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AML in South Africa: Financial Intelligence Centre Act (FICA)

Financial Intelligence Centre Act FICA

What is the Financial Intelligence Centre Act (FICA)?

The Financial Intelligence Centre Act is South Africa’s primary anti-money laundering and counter-terrorism financing legislation.

South Africa’s Financial Intelligence Centre Act (FICA) was introduced in 2001, establishing the country’s Financial Intelligence Centre (FIC) and introducing a basic framework to bring the country’s AML/CFT regulations into alignment with those of the wider international community. The Financial Intelligence Centre itself was established in 2003 (two years after FICA’s introduction): headquartered in Centurion in Gauteng Province, the center is led by director Xolisile Khanyile who has held the position since 2017. 

Under FICA, the FIC works to maintain South Africa’s financial system, and promote economic growth and social development. The FIC also has the mandate to supervise financial institutions, promote compliance with the law, identify proceeds of crime, and combat money laundering and terrorism financing.

What Does FICA Do?

FICA sets out a regulatory framework for South Africa’s anti-money laundering and counter financing of terrorism programs and positions the FIC as the supervisory body responsible for overseeing compliance with that framework. The legislative scope of FICA focuses on AML/CFT and its core is built around delivering domestic compliance with the FATF’s 40 Recommendations – considered the global standard for CFT and AML regulations. South Africa is a member of the FATF and so must implement the policies and procedures set out by the organization’s recommendations via its domestic legislative system.

FICA complements the Prevention of Organized Crime Act (POCA), the Protection of Constitutional Democracy Against Terrorism Related Activities Act (POCDATARA), and the Prevention and Combating of Corrupt Activities Act (PRECCA). FICA gives the FIC authority over banks, financial institutions, estate agents, brokers and other intermediaries in the financial system operating in South Africa. Under that authority, the FIC monitors South Africa’s financial markets and institutions, issuing registrations for participants in the industry and conducting periodic audits to ensure ongoing compliance with FICA.

FICA AML Requirements

In 2017, the South African government passed the Financial Intelligence Centre Amendment Act which strengthened the capabilities of the FIC. Amongst their wider legal obligations to protect against financial crime, in order to comply with FICA requirements, banks and financial institutions must develop and implement an internal AML/CFT program which:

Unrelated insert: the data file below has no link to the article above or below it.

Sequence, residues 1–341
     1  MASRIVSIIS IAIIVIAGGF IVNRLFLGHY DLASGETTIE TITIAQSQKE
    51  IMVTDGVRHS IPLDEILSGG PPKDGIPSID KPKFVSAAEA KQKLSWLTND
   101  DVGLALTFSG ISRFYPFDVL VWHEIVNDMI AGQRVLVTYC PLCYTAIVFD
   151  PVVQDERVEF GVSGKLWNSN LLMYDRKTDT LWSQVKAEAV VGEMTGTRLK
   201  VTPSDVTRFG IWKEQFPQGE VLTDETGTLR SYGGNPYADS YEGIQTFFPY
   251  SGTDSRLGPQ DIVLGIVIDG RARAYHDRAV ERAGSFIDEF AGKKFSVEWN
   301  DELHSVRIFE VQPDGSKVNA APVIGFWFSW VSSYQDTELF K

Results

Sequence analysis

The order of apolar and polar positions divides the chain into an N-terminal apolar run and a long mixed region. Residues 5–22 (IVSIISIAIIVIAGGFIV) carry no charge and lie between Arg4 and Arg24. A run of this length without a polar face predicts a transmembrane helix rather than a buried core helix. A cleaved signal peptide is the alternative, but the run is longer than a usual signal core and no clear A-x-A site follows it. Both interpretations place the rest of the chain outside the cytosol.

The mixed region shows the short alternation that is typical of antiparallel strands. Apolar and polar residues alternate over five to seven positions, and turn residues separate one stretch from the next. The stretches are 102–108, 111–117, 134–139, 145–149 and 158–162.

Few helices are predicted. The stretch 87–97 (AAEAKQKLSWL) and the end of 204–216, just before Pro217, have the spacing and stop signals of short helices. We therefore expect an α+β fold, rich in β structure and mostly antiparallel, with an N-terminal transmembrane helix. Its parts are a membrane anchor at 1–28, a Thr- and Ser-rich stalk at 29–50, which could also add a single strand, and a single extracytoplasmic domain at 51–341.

• Adopts a risk-based AML/CFT strategy, tailored to the unique risk profile of each client
  • Incorporates appropriate customer due diligence processes to verify their clients’ identities or establish beneficial ownership.  
  • Screens against a variety of risk factors to identify emergent and ongoing threats. In particular, programs must screen for sanctions, adverse media, and politically exposed persons.
  • Satisfies record-keeping and reporting obligations to the FIC.   
  • Appoints a compliance officer responsible for overseeing the implementation of the program and conducting internal audits.

Institutions which fail to comply with their FICA obligations may be subject to penalties, including administrative sanctions, fines of up to R100 million, and even prison sentences. Institutions may also be required to implement remedial actions to resolve their compliance failures. The FIC may coordinate with other South African authorities to investigate incidents of non-compliance and enforce the law.

Beyond South Africa

As part of the FATF, FICA gives the FIC a role in the international fight against money laundering. The FIC works with a global network of authorities and partners, sharing intelligence and helping to develop new AML/CFT strategies. The FIC takes a leadership role amongst other African financial intelligence units and has memorandums of understanding with countries all over the world.

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